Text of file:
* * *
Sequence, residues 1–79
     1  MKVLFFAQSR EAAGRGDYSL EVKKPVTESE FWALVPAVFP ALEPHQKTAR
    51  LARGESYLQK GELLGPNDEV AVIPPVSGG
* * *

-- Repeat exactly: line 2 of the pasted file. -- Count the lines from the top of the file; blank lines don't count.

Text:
     1  MKVLFFAQSR EAAGRGDYSL EVKKPVTESE FWALVPAVFP ALEPHQKTAR